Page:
Waging War On The Womb: Women’S Bodies As Nationalist Symbols And Strategic Victims Of Violence In Susan Abulhawa’S Mornings In Jenin, Noora Badwan
Seton Hall University Dissertations and Theses (ETDs)
Nationalism is a patriarchal construct that clearly delineates women’s roles in the social structure, and assigns female bodies specific roles in the nationalist, social, and political narratives, albeit passive ones; ironically, as integral to nationalism as women are, they are only ever pawns used by the state, never equal participants. They are often assigned the role of the mother figure who produces new citizens to populate the nation and who are expected to raise them to be “good citizens” and offer them up to the state as potential tools. The mother figure is a nationalist icon who is also ...
On The Fringes: The Monsters, The Voiceless, The Abominations, And The Exiled, 2018 Bowling Green State University
On The Fringes: The Monsters, The Voiceless, The Abominations, And The Exiled, Virginia Davis Wyeth
Master of Arts in English Plan II Graduate Projects
Peripheral characters/characteristics frequently serve to highlight the problematic societal situation of marginalized groups, even though these characters on the fringes of the text or main characters with unusual attributes are seemingly irrelevant to the primary plot. This portfolio examines, through a teaching unit, the monster archetype and its representation as a means to suppress Other or other within ourselves. The literary analysis pieces also examine the repression of historically marginalized groups, such as women, homosexuals, and children. And the last piece even takes a look at what happens when powerful groups are usurped by socio-economic and cultural shifts.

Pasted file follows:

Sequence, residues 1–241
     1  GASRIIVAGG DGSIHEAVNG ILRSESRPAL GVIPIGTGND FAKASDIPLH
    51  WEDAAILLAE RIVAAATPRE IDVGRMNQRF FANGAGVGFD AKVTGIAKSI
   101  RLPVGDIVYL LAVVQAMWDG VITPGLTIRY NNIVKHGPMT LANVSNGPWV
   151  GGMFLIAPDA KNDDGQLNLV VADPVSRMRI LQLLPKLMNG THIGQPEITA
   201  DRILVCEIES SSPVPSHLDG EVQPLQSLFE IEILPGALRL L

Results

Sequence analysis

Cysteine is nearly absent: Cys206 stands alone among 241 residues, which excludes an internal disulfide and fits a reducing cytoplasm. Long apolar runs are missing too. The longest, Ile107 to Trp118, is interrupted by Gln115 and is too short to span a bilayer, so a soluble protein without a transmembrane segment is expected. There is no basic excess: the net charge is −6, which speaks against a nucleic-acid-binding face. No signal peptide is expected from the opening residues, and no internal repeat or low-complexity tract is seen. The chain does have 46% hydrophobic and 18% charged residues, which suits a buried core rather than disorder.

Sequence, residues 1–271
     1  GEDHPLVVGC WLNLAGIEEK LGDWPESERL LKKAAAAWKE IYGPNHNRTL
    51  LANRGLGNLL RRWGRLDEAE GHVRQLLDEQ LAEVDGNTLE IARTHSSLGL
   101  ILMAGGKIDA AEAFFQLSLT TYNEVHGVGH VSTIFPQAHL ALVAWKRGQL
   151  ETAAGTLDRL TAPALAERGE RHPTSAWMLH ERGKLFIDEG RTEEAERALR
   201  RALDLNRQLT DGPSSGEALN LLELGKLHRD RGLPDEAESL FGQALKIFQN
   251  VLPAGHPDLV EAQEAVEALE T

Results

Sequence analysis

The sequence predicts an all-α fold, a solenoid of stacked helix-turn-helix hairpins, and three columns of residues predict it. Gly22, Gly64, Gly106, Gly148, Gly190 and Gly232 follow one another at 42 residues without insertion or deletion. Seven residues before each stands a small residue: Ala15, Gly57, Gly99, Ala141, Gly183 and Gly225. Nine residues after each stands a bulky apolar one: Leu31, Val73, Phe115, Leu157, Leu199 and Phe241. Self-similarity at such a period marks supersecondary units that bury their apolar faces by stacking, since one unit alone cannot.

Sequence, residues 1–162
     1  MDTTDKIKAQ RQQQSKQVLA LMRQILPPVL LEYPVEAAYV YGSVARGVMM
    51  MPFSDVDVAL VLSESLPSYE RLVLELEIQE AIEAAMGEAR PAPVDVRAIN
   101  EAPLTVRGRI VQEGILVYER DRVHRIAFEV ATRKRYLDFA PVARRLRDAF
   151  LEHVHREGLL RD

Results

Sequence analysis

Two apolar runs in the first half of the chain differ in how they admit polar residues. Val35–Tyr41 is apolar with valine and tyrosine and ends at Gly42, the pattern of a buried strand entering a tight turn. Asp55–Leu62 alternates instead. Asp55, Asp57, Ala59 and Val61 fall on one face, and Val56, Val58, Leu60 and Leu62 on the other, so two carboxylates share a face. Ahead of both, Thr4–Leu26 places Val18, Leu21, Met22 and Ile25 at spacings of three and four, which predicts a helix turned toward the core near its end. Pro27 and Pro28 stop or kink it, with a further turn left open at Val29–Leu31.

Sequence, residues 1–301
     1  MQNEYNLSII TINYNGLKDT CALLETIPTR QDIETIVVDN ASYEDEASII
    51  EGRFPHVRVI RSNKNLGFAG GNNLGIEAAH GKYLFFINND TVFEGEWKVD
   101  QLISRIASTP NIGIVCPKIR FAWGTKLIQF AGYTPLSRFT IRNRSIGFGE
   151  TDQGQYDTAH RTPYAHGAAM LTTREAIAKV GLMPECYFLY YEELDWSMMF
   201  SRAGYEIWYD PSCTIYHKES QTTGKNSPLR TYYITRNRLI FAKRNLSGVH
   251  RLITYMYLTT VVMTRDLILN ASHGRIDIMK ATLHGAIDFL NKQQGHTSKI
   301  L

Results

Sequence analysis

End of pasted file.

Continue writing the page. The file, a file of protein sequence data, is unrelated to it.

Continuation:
The Future Of Racial Classifications: Exploring Race In The Critical Dystopia, 2018 Bridgewater State University
The Future Of Racial Classifications: Exploring Race In The Critical Dystopia, Meghan Hartnett
Honors Program Theses and Projects
No abstract provided.
Remembrances Reconsidered: Site-Specific Affective Retellings, 2018 CUNY Hunter College
Remembrances Reconsidered: Site-Specific Affective Retellings, Melanie W. Lozier
School of Arts & Sciences Theses